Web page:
At the same time, some of China's biggest and most important SOEs are pursuing their commercial interests in many parts of the world principally to satisfy their domestic needs, particularly in the natural resources sector. While Canada and the U.S. have expressed concern regarding acquisition of their natural resources by certain foreign entities, we should expect to see the SOEs continuing to expand and to seek strategic acquisitions in many parts of the world, from Australia to the African continent to Latin America. Some have even suggested that China is more comfortable investing in and trading with Chile because of its high regard for the rule of law and legal certainty as compared with other Latin American countries; many Chinese groups are allegedly poised to invest in Chile and to increase trade with that country.

We should also look for foreign direct investment in India to increase in 2007, which is the result of greater encouragement for foreign investment by the Indian government as compared with what was previously the case during its earlier less welcoming policy. At the same time, it will not be surprising to see some of India's more successful domestic entrepreneurs playing their Monopoly cards to the fullest. In fact, over the past few years, we have seen the emergence of a number of private Indian companies that now compete internationally with the best that the U.S. and Europe have to offer. India's stronger infrastructure is more able to support private enterprise than is the case in China, the effects of which will continue to be felt to an increasing extent in international commercial transactions. Canadian companies can be expected to be included among the many companies with increased interest in India, particularly those companies focussed on the impressive technology industry that India has developed; however, Canadians have only recently discovered certain attractions of investing in India, so their involvement in India is likely to be relatively slow to develop.

It is likely to be a learning experience for many companies and their professional advisers as they transact with Indian companies. And those that expect a similar experience to what has been the case in China will be mistaken. Rather, they will discover significant differences principally as a result of the different culture, language, advanced legal system and more developed private enterprise sector, all of which will facilitate the ease and speed of concluding transactions.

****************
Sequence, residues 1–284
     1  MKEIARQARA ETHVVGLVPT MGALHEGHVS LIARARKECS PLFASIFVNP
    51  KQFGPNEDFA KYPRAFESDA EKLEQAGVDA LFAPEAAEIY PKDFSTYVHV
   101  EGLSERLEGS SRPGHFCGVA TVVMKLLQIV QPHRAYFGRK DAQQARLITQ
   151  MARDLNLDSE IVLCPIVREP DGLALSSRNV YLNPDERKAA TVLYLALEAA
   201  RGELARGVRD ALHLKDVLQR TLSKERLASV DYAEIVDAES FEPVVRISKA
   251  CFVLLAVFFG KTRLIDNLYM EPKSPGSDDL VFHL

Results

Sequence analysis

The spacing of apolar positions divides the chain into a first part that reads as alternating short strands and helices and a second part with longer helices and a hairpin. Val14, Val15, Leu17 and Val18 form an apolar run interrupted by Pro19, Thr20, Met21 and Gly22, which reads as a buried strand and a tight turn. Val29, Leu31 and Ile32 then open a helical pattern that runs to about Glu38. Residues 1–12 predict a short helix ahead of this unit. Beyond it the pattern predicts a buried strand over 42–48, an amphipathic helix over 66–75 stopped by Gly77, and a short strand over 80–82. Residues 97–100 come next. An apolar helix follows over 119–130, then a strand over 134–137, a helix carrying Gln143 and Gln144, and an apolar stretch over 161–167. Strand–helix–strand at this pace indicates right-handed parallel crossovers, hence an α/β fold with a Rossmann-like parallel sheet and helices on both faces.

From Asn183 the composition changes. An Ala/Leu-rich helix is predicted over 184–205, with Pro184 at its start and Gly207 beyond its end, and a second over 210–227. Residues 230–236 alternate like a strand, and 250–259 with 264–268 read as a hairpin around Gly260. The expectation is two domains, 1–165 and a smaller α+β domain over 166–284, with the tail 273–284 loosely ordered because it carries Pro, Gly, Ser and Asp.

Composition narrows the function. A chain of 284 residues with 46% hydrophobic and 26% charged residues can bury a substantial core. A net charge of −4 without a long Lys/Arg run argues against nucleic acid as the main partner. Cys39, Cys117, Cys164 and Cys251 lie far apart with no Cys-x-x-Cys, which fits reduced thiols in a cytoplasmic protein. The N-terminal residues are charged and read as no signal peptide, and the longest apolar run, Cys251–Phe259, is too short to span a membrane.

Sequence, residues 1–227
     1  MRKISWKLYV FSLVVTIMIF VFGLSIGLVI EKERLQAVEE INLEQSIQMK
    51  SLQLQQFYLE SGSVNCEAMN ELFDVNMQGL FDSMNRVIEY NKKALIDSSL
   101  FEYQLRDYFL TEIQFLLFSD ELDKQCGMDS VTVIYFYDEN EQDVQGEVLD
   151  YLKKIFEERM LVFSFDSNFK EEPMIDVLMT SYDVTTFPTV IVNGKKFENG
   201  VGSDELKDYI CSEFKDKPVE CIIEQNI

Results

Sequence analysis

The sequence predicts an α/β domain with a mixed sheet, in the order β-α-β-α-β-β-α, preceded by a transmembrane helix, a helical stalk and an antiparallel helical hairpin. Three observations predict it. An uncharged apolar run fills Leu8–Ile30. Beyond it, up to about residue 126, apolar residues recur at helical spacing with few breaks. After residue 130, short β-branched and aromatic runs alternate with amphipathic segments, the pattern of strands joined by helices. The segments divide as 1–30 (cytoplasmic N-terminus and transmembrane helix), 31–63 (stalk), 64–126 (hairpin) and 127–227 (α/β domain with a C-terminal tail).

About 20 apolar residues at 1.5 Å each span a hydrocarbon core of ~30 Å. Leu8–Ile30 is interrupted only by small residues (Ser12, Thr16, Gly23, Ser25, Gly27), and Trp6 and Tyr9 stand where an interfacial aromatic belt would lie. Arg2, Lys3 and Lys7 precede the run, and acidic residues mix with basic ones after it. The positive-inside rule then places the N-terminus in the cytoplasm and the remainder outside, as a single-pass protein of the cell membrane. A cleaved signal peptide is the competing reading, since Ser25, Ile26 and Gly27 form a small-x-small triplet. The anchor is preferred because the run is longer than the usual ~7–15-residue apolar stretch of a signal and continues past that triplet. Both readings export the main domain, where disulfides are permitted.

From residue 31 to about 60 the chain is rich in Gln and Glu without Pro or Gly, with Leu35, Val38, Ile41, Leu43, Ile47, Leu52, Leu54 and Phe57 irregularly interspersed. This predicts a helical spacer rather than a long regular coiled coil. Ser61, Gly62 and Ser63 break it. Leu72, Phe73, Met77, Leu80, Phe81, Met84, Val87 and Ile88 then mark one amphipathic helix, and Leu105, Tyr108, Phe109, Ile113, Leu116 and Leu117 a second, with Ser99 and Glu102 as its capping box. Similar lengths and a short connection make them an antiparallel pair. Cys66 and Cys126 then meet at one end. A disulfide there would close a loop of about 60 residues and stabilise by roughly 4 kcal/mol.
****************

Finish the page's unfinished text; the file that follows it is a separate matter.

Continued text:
At the same time, we should expect to see an increase in direct foreign investment in China, including by Canadian companies. In this regard, it is interesting to note some of the conclusions of a survey of Canadian companies that was conducted in September 2006 jointly by the Asia Pacific Foundation of Canada (APFC) and the Canadian Manufacturers & Exporters (CME) and released in December 2006. The companies surveyed were drawn from all sectors of Canada's manufacturing and exporting community from every province, and included the following findings:

  • Nearly one-third have made investments in China;
  • Just under two-thirds have been doing so for three years or less; only 8% have been doing business in China for more than ten years;
  • The more business engagement Canadian companies have with China, the more likely they are to see China as an opportunity rather than a threat;
  • More companies see China with great or very great potential if they are already engaged in business with China;
  • Only 17% of the companies report that they have a formal China strategy; that percentage increases in various instances, including if the companies are already doing business with China;
  • Companies with a China strategy tend to have a higher proportion of revenues earned from business with China, and these companies are more optimistic about their business outlook in the future.

All of the foregoing points to a greater flow of direct investment in China in 2007. China is presently the most mature outsourcing location for manufacturing and this will have a direct effect on the number of commercial transactions involving Canadian and other companies. And at the same time, given China's significant need for natural resources and other commodities, it is only reasonable to expect a greater two-way flow of business opportunities and related transactions.